We’ve spent the last two days in Upington, a smallish boarder town which, luckily for us, just happens to cater to 4X4 overlanders preparing for their journeys north. Despite all of our preparation thus far, we still have a few loose ends to wrap up before leaving South Africa. We are: having a second solar panel mounted on the roof to help offset the drain on the batteries from the refrigerator/freezer, installing a new set of speakers, having hammocks sewn, stocking up on spare Toyota parts, mailing off all of our bulky kite surfing gear and doing laundry; basically things that make living out of a car more comfortable. We did briefly discuss the possibility of a satellite internet connection, but that was quickly nixed by el Hefe, who claims to have been a slave to the internet for far too long. Can’t say I disagree.
Glenn and I are looking forward to crossing the border. We’ve heard such wonderful accounts of Namibia from other travelers. For starters, it has one of the oldest and driest deserts in the world, comprised of apricot –colored dunes (some say the tallest in the world) interspersed with expanses of hard dry pan. There are places where the dunes actually roar when you drive or walk on them. Air trapped beneath the surface amplifies the sound of the shifting sand. To the north lies the Etosha pan, the most famous wild-life park in the country, hemmed in by the Namib, one of the most barren, inhospitable landscaped in Africa. The Kalahari covers the southern portion of the country, a huge expanse of semi-arid desert stretching from Namibia, through South Africa, Botswana, Angola, parts of The Congo and into Zimbabwe.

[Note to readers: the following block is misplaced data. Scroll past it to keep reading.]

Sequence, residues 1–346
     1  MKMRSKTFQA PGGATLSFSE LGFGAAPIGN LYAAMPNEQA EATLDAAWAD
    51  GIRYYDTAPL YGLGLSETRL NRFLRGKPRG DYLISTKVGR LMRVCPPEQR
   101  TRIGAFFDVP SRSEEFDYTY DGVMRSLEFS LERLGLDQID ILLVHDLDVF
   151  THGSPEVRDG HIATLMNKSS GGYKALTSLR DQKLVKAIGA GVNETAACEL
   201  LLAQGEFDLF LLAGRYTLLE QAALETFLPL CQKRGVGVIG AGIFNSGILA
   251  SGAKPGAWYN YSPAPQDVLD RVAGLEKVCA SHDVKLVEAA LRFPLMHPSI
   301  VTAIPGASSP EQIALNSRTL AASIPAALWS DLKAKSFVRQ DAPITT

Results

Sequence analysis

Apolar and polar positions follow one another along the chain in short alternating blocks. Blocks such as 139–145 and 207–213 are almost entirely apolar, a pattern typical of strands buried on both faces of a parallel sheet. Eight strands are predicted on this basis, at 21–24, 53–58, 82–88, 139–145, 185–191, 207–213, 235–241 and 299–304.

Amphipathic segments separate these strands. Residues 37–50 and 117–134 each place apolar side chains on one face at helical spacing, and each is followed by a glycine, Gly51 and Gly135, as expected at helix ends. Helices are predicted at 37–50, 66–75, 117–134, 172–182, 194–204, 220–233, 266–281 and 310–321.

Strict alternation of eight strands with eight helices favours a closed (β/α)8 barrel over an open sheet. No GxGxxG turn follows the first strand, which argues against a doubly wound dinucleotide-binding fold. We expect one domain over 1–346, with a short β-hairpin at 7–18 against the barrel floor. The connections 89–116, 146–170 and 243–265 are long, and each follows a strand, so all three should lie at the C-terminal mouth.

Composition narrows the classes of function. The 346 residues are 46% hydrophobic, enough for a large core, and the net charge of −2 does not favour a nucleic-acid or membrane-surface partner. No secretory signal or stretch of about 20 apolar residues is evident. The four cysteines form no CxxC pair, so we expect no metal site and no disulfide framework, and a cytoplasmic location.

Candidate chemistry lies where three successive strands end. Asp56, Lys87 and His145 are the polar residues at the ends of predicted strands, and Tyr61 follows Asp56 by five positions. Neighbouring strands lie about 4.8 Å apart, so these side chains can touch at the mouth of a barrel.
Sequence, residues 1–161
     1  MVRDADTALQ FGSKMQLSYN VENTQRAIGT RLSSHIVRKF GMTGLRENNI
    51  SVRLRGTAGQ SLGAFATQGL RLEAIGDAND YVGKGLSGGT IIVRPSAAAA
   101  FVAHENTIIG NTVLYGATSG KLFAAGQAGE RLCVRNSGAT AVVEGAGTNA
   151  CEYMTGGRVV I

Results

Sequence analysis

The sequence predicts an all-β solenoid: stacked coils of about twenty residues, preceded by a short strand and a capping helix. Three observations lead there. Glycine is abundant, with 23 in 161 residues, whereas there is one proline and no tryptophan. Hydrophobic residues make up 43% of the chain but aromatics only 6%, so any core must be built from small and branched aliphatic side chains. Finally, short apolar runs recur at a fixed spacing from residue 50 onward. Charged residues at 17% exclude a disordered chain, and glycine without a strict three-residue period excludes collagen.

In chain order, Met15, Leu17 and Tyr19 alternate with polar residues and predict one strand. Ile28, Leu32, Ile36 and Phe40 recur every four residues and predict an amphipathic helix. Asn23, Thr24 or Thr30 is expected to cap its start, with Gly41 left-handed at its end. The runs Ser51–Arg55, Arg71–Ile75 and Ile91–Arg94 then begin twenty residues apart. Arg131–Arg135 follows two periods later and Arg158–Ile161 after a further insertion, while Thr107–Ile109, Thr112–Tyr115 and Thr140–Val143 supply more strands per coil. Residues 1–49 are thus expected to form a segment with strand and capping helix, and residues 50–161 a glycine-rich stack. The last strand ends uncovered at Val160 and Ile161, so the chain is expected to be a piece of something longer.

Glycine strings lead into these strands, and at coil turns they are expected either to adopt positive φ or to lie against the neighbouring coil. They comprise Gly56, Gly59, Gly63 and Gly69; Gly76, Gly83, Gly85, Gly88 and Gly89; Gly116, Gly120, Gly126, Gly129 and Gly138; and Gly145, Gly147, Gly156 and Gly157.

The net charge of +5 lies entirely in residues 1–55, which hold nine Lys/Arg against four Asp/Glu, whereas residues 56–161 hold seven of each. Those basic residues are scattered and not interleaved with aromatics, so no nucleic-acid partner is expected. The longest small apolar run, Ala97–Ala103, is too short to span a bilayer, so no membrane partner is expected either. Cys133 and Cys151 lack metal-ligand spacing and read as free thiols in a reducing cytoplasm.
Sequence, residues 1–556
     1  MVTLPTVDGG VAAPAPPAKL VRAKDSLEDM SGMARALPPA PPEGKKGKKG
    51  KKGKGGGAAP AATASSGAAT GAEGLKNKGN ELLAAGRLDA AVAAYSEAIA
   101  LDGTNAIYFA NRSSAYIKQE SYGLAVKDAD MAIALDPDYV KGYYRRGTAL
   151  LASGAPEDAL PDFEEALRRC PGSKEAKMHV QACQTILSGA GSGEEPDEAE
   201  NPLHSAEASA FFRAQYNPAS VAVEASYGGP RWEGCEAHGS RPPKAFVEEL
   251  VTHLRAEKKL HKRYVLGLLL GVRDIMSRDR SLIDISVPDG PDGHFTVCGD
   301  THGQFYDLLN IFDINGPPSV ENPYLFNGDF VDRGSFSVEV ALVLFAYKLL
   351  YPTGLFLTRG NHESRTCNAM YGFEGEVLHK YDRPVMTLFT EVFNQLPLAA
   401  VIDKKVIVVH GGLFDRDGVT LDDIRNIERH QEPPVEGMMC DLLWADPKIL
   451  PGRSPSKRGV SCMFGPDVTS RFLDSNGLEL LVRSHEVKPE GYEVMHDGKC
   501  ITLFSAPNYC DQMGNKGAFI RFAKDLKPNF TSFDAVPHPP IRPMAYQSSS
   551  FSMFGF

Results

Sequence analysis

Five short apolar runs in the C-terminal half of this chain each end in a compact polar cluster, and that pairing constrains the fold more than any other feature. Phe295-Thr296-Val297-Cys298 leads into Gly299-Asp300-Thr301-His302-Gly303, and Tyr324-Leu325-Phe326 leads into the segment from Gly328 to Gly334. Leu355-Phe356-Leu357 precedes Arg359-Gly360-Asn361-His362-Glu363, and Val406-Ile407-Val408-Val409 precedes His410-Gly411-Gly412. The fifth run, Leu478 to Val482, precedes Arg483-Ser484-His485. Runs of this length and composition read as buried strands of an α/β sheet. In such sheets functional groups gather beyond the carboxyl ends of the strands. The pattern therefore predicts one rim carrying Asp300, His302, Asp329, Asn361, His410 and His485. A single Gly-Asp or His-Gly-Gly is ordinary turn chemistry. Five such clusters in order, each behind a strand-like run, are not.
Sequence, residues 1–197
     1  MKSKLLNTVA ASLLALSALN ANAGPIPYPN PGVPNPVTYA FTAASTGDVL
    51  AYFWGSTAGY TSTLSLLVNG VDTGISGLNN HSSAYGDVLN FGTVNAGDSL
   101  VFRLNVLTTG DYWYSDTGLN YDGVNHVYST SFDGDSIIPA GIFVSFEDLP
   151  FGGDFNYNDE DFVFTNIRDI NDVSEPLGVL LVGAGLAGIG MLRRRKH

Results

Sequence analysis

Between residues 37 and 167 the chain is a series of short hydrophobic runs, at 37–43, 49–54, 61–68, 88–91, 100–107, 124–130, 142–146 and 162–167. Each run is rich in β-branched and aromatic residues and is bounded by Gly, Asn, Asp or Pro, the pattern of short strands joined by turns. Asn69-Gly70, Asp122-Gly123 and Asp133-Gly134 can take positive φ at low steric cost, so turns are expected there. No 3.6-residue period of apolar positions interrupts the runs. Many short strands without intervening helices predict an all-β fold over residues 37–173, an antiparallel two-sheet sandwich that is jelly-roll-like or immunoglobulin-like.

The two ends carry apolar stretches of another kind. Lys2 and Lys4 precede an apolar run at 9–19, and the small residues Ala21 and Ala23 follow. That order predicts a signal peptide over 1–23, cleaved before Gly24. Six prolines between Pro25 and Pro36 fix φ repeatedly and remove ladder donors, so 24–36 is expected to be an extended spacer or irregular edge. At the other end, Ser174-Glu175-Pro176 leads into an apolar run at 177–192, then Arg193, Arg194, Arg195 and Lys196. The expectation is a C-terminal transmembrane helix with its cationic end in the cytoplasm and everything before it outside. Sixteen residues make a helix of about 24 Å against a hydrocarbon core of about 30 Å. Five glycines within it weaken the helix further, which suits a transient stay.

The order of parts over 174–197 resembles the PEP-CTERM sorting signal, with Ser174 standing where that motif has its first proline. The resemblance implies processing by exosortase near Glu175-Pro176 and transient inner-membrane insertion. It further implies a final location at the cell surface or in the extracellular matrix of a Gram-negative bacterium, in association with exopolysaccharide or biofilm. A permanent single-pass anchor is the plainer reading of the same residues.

Thanks to Germany’s foray into colonialism, Namibia has a significant German population in addition to the native Nama and Herero people. Not to mention a nomadic tribe of “Tree Sleepers” that we’ve been told we must go find. The town of Swakopmund is even said to be more German than Germany. And since I am one of the few people who happen to love German food, I am stoked.
After eating out regularily for nearly 3 months, I can honestly say that South Africa has its fair share of bad food, and then some. I mean really, beef flavored MSG? It is sold here right near the section of corn chips sweetened with aspartame…yes, here the Beef Steak flavored Doritos are overly sweetened with toxic sweeteners that most American consumers have rejected (no, plain corn flavor isn’t an option, but peach chutney, tomato and onion are!). Aspartame in your Doritoes makes high-fructose corn syrup seem like a healthy alternative. Is this what the world gets? Americas most undesirable cast-offs. All of the experimental items that no longer have a market back home. I am sure I could find something made with Olestra if I checked the lables. Not that Doritos are a benchmark of any kind, but hey, with fresh avocados being sold window-side at the traffic stops - and the Americas far, far away - you take what you can. Scooping up a big swath of guacamole with a potato chip just isn’t quite right.
Just to drive home my point I’ll give you today’s lunch scenario. I’ll preface this by saying Happy Freedom Day! Today is the holiday that celebrates Nelson Mandela’s release from prison. Africans have a lot of holidays; so many that most people don’t even know what they all represent. Because of the holiday, the two notable restaurants in town were closed, so we ‘lucked out’ when the third was open.